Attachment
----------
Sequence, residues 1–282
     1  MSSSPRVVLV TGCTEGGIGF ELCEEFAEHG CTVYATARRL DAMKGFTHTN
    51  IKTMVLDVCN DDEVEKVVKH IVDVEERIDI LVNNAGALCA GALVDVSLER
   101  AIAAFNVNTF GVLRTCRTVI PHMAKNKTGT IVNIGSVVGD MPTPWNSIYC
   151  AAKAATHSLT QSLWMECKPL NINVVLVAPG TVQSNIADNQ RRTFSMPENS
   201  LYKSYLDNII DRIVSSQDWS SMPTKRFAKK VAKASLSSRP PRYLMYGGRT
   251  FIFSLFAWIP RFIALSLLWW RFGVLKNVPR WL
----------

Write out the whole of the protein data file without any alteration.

Sequence, residues 1–282
     1  MSSSPRVVLV TGCTEGGIGF ELCEEFAEHG CTVYATARRL DAMKGFTHTN
    51  IKTMVLDVCN DDEVEKVVKH IVDVEERIDI LVNNAGALCA GALVDVSLER
   101  AIAAFNVNTF GVLRTCRTVI PHMAKNKTGT IVNIGSVVGD MPTPWNSIYC
   151  AAKAATHSLT QSLWMECKPL NINVVLVAPG TVQSNIADNQ RRTFSMPENS
   201  LYKSYLDNII DRIVSSQDWS SMPTKRFAKK VAKASLSSRP PRYLMYGGRT
   251  FIFSLFAWIP RFIALSLLWW RFGVLKNVPR WL